The FDA has approved the drug bevacizumab (Avastin) for first time treatment of advanced lung cancer in conjunction with chemotherapy. This comes after a large randomised study on lung cancer patients led by Dr.Alan Sandler, lung cancer specialist and director of Thoracic Oncology at Vanderbilt-Ingram Cancer Center.
Nearly 900 patients with non-small cell lung cancer (NSCLC) were tested during the trial. None of them had received any previous chemotherapy. Half were given Avastin along with standard chemotherapy drugs while the others were given chemotherapy alone. The study revealed that patients on Avastin survived an average of two months longer than the usual one year survival rate.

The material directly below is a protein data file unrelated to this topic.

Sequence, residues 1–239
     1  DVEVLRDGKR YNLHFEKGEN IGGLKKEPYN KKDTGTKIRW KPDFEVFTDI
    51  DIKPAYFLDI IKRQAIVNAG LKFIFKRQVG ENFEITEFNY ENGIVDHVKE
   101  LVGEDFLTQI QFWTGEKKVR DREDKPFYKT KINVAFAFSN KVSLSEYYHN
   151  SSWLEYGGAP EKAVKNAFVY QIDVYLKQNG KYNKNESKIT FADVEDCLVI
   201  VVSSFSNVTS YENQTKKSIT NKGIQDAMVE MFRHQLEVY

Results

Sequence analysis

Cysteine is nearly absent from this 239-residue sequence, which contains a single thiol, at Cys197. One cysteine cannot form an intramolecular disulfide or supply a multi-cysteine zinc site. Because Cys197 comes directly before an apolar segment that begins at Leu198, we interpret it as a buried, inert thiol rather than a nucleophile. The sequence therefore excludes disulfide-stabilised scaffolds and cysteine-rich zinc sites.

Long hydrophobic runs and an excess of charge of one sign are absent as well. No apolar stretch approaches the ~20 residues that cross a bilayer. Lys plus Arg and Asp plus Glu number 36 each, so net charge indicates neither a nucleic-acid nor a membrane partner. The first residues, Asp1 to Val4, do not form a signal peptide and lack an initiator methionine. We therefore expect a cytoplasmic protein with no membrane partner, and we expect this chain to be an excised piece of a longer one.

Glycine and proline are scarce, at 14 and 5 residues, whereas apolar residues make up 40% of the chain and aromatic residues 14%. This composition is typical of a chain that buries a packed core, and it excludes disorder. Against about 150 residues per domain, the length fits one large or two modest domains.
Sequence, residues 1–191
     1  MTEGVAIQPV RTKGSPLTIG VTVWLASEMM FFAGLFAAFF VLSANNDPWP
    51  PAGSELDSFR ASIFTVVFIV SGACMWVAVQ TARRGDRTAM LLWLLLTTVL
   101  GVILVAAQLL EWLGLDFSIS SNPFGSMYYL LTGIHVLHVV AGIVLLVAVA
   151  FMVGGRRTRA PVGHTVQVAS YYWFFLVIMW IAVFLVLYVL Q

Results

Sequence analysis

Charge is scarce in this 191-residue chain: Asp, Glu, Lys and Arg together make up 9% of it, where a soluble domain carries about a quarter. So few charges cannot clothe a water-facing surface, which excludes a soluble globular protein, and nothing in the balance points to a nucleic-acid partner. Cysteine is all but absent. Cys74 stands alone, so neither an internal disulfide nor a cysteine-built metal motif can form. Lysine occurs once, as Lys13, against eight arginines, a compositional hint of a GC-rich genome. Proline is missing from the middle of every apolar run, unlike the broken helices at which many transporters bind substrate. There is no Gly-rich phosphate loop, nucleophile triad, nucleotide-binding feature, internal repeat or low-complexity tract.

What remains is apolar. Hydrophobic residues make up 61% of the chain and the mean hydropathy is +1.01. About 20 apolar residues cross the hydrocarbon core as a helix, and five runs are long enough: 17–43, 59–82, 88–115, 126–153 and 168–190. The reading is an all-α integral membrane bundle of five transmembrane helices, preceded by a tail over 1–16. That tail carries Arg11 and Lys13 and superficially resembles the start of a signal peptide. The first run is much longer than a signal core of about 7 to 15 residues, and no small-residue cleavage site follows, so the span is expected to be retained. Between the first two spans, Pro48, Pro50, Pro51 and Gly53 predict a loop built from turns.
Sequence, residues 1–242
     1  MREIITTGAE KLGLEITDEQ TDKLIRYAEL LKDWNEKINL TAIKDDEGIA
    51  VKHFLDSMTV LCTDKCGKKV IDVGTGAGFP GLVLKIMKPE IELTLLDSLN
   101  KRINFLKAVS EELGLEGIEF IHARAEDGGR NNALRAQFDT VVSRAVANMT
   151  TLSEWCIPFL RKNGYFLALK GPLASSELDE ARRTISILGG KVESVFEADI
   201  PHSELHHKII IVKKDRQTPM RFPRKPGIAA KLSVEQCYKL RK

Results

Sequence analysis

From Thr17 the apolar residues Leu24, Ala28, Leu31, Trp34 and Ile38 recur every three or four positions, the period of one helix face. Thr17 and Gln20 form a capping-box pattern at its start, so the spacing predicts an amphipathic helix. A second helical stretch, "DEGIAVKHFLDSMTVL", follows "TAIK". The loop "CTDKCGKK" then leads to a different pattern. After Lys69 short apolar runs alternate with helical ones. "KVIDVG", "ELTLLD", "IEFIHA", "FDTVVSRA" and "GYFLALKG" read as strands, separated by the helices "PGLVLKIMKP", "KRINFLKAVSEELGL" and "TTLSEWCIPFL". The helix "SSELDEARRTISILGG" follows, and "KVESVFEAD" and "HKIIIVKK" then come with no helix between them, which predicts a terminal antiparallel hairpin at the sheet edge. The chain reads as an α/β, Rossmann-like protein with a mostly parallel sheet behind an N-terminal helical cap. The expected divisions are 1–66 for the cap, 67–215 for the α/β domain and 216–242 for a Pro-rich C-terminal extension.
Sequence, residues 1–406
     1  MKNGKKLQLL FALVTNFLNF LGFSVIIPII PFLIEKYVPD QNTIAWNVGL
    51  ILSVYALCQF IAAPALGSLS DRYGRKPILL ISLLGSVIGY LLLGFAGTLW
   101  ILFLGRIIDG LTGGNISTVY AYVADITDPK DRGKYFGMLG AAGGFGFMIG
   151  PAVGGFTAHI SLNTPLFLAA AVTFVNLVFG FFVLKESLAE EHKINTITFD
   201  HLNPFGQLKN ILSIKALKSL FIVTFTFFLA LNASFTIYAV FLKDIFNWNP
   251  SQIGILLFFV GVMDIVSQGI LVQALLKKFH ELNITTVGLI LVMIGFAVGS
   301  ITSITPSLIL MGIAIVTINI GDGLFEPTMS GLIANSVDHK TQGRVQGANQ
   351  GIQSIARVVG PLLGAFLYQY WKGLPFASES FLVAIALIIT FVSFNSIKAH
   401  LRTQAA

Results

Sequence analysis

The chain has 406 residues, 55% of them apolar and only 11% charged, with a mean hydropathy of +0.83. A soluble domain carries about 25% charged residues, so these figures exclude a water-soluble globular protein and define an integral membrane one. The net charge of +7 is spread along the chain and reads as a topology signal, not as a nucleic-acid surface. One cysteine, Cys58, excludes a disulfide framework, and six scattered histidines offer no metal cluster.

Though this does not sound wonderful, it is important to bear in mind that the results were based on average reactions. In some people the survival was even longer, while in others the tumours shrunk and disappeared. However there was no response in some patients.
Bevacizumab is a targeted drug, which means that it does not attack non-cancerous cells. It acts by stopping development of new blood vessels, which supply the tumours. The side effects are generally mild. However a unique and serious one is bleeding from the primary tumour, since the drug acts on the blood vessels; this has to be addressed.
Dr. Sandler is hopeful that the drug will prove path breaking and lead to better survival rates and also to more patients being cured if the disease is caught early. As NSCLC is the most common form of lung cancer in the US, this is encouraging news indeed.